There was skin showing. Freckles on her shoulder. I was 17. Ginny was perfect, and she might just look at me as we passed. I gave Dave a hip check, my only basketball move, pushing him toward the railing.

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“Virgin-e-ya,” a voice from behind her said; “Virgin-eee-yaaa.”

If I said everything stopped, it would be an exaggeration. But it did. I stopped.

And Virginia Cole did look at me. She blinked. She and the other girl lowered their heads, their smiles gone. They passed Dave and I single file, Ginny in front.

There were three guys, in street clothes, at the bottom of the ramp, kind of congratulating each other. They weren’t surfers.  The guy who had made the remark was in the lead, crushing and tossing his empty beer can into the brush as they headed up. Dave shook his head, tried to step in front of me. He wasn’t fast enough, convincing enough. At the halfway point of the path, at the curve, I blocked them with my board, held sideways at my chest.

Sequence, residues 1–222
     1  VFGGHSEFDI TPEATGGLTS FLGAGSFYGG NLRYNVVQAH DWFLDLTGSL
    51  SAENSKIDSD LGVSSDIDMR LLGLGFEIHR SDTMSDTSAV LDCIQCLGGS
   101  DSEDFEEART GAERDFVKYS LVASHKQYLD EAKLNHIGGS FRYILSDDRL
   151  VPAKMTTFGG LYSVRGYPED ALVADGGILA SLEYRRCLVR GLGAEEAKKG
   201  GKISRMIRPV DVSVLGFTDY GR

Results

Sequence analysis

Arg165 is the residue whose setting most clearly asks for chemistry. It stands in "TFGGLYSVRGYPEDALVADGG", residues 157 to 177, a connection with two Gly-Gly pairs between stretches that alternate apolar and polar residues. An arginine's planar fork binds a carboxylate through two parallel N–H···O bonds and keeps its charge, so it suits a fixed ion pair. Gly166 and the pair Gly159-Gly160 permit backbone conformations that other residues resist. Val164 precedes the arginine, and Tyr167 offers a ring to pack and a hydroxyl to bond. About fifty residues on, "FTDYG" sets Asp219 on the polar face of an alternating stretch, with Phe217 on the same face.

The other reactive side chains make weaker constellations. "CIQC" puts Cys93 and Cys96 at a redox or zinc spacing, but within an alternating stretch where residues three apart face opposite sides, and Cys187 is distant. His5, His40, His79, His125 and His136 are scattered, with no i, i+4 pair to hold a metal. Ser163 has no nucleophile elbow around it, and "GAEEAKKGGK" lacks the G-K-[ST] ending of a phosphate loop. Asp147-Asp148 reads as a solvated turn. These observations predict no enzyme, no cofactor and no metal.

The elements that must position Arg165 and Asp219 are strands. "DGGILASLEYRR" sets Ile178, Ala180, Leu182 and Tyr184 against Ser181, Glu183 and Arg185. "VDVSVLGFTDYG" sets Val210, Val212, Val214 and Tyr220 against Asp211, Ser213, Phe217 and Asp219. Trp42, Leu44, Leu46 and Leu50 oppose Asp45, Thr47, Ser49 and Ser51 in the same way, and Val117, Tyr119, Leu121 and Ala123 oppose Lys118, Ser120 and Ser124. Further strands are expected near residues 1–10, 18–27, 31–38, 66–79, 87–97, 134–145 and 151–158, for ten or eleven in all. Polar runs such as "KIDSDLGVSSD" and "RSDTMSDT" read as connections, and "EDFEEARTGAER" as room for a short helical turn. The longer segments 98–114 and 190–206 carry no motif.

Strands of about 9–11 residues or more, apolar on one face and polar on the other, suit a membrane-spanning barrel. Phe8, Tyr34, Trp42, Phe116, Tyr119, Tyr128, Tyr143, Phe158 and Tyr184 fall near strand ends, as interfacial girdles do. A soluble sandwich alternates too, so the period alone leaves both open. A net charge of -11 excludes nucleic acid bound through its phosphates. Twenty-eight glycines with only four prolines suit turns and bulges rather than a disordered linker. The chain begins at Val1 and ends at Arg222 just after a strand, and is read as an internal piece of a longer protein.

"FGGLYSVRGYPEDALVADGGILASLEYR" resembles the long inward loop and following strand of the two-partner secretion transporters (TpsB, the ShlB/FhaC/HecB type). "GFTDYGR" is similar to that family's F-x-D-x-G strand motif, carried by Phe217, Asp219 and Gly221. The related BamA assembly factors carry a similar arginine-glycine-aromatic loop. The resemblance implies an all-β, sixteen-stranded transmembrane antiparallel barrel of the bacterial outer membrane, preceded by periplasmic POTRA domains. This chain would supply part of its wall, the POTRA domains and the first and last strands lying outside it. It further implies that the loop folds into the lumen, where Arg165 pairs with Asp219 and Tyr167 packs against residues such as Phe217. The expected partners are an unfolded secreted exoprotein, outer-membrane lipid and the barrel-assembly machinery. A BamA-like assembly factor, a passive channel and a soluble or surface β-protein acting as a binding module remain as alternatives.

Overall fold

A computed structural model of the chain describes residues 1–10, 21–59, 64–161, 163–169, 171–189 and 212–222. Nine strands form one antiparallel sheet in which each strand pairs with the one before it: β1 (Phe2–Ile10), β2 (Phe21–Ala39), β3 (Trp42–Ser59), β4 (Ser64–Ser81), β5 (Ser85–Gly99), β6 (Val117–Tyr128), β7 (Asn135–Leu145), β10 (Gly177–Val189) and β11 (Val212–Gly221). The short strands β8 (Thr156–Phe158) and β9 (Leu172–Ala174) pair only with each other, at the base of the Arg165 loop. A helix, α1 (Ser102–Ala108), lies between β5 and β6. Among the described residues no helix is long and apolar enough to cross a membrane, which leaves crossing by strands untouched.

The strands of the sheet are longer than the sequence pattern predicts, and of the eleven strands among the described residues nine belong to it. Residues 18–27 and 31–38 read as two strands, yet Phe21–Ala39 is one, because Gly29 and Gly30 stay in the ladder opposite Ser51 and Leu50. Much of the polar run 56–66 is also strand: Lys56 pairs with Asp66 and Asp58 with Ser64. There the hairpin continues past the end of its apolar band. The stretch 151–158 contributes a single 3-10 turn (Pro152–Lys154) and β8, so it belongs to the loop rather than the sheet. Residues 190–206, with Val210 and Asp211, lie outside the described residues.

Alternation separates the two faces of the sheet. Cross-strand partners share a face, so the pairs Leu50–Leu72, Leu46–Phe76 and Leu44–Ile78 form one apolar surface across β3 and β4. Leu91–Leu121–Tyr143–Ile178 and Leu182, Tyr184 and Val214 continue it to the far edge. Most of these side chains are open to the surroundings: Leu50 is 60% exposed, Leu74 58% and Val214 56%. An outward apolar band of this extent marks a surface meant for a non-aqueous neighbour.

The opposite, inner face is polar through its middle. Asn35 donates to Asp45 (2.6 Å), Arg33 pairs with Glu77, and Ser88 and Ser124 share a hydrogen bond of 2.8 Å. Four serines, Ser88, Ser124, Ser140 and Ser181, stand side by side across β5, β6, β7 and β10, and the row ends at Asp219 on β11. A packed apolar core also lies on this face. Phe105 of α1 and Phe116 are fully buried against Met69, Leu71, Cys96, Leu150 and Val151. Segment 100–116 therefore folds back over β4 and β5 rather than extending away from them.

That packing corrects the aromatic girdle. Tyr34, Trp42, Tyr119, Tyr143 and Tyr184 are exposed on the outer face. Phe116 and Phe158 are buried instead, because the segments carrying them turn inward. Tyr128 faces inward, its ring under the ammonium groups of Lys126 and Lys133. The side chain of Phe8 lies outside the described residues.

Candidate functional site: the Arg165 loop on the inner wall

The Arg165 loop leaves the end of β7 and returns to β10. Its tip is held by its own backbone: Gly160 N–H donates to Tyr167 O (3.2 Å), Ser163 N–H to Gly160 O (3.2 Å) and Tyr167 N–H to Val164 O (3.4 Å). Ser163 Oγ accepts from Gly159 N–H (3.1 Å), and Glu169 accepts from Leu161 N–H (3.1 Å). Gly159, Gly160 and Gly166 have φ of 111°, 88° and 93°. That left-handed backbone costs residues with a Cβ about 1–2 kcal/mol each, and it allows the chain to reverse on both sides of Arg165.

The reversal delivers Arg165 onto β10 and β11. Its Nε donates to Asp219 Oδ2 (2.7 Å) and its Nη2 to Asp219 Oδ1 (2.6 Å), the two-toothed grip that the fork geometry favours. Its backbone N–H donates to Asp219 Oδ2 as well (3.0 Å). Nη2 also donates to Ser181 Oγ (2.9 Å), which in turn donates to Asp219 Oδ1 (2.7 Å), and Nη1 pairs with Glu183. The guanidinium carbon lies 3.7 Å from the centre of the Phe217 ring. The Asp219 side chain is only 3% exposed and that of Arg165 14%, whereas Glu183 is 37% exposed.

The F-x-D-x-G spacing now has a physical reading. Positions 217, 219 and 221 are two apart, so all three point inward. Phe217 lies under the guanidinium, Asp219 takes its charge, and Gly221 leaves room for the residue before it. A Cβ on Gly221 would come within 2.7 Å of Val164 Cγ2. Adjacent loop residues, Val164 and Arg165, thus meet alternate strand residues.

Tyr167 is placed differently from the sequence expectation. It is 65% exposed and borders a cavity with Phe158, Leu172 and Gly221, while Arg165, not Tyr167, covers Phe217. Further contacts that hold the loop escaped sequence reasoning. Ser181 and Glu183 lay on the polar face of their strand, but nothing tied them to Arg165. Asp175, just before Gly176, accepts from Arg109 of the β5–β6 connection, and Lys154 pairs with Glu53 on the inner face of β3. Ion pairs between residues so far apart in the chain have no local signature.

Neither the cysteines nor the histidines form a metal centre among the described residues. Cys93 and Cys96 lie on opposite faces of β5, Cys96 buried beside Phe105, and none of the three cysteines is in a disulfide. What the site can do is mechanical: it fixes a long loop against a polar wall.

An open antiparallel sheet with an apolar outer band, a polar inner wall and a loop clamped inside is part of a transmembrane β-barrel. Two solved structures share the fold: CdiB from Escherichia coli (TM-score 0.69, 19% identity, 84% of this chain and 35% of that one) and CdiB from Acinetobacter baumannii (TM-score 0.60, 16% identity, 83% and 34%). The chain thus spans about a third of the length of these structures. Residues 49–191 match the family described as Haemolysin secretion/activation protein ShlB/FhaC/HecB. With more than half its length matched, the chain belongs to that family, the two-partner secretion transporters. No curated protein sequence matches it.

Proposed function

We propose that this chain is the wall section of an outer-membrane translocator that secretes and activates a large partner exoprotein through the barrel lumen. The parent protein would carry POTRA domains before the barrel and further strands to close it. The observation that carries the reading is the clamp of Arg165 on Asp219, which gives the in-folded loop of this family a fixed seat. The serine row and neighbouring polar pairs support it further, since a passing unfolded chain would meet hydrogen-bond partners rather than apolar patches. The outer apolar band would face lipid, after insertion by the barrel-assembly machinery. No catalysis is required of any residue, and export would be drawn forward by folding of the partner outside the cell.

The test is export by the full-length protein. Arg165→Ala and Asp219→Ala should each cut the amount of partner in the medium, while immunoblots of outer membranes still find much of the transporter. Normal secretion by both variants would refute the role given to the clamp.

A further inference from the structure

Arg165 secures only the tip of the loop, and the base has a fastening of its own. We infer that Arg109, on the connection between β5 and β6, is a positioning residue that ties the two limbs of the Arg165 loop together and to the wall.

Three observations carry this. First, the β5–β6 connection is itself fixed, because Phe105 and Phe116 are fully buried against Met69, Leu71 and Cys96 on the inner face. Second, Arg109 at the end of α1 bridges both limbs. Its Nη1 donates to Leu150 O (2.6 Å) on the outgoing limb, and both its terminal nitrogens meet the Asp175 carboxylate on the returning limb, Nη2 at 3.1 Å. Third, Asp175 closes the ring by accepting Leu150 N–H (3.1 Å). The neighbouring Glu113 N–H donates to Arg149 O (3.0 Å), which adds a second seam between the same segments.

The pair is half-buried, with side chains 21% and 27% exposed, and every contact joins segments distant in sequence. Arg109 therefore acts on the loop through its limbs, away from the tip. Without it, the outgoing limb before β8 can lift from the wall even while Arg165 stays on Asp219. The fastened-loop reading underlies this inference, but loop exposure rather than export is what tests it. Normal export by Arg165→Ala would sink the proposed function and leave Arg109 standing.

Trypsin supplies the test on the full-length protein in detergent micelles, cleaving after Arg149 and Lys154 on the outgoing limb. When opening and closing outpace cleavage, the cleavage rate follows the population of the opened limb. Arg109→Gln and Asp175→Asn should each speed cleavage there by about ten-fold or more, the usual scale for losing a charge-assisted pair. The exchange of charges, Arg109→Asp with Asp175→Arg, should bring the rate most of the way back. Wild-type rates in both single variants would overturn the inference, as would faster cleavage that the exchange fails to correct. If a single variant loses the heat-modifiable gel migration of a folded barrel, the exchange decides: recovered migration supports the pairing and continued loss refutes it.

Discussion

“What?” It was the lead guy; maybe a bit flushed; his smile changing to a sneer. Maybe not quite a sneer; just one of those ready-for-confrontation looks.

“Nothing, A-hole; just thought you might want to rest a second.”

“Fuck you.” The front guy, and I probably should give a more complete description of him and his high school-aged buddies, both adding their backup “fuck you;” but I won’t. He was just another high school jerk.

“You were a little disrespectful. Don’t you think; Jerk?”

Jerk’s crew and Dave looked up at the top of the bluff. Evidently Ginny and her friend were looking down.

“Ginny… Ginny Coldddd. She’s a stuck-up fuckin’…”